Talent snapping fashion, commerce grew to match his physical stature




28-8-1946 14-3-2012

RICHARD Millott, a well-known Melbourne photographer who built an impressive list of corporate and individual clients for his own business, has died of advanced melanoma at Peter MacCallum Hospital. He was 65.

Richard, who was born in Kew to Gwen and Jack Millott, attended Carey Grammar School, then studied photography at RMIT from 1971-73, before working at the studios of Brian Brandt.

Richard towered physically over his peers, and his talents grew to match his stature. He matched the best in fashion and commercial photography, with creative standards inspired by global giants such as Richard Avedon. He balanced technical and practical demands, using technique as a vehicle for his imagination. In 1980 he won the local Hasselblad Masters, the first of many photographic awards for portraiture.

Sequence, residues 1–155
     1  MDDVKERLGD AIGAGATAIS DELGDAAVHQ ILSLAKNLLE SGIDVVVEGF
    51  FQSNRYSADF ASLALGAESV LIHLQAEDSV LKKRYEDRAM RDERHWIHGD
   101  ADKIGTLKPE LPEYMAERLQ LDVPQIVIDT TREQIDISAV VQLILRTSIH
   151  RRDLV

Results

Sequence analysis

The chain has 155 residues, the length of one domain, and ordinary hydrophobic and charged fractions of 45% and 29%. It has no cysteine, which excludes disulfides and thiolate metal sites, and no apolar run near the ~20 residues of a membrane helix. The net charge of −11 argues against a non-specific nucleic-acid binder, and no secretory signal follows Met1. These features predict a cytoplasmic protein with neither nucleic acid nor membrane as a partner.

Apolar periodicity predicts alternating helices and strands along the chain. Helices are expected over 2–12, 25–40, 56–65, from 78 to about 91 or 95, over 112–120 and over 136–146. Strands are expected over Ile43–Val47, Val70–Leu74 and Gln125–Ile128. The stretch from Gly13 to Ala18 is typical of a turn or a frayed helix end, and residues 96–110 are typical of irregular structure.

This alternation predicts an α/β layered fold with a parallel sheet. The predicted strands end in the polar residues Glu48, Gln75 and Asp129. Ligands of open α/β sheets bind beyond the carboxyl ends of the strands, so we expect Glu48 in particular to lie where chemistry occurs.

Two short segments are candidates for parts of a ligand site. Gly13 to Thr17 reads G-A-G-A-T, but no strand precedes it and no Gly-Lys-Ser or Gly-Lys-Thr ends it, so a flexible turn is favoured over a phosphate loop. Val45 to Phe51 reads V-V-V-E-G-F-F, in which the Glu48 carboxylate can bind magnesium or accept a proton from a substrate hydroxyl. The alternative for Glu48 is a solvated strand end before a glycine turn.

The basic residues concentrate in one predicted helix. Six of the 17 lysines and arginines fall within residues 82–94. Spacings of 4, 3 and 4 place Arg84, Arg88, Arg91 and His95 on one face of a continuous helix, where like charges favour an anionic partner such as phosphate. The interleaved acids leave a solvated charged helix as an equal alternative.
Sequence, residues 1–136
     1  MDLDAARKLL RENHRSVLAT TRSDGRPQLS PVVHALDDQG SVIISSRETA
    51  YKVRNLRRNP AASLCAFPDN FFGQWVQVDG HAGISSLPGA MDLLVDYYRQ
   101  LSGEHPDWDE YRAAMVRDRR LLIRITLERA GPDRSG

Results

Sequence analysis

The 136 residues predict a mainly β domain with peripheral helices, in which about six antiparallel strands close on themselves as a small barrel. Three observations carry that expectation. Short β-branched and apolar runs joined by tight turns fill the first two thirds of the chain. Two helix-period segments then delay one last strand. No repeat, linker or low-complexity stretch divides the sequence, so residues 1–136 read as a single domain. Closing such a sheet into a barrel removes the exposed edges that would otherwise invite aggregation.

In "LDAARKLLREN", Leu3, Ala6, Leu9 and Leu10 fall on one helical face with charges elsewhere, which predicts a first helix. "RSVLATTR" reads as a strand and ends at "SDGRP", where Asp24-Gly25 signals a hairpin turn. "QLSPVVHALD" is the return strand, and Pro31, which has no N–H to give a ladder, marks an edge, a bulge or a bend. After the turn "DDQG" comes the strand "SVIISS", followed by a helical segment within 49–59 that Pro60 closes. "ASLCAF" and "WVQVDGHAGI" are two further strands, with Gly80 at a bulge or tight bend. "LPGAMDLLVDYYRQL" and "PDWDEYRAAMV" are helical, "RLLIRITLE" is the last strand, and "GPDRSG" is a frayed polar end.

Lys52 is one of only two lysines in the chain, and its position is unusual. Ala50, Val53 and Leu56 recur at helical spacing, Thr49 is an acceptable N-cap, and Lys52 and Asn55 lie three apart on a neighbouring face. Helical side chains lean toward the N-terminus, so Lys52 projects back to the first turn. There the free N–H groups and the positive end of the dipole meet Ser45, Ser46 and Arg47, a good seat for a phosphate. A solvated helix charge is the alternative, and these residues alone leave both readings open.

And when he started his own business, he worked in areas as diverse as fashion, food photography, political advertising and architecture. He inspired and nurtured the careers of many others, individually and through a strong association with both the Australian Institute for Professional Photographers and the Australian Commercial and Media Photographers, of which he was a founding member and later a director. An unfinished project, a book of beautiful landscapes of Phillip Island, is expected to be published.

In retirement, he built himself a large rough-hewn eucalypt garage (his "man-cave") at the family beach-house, where he enjoyed woodwork. The garage was also fully sound-equipped, so he could listen to his favourite jazz musicians. He also loved the theatre, attending the Moving Clickers film group, Melbourne's oldest film society, and was a passionate North Melbourne supporter.

Richard is survived by Tina, his wife of 37 years, children Ashley, Amber, Celeste and Jenna, granddaughter Lani, father Jack, and sister Margaret.

Related Articles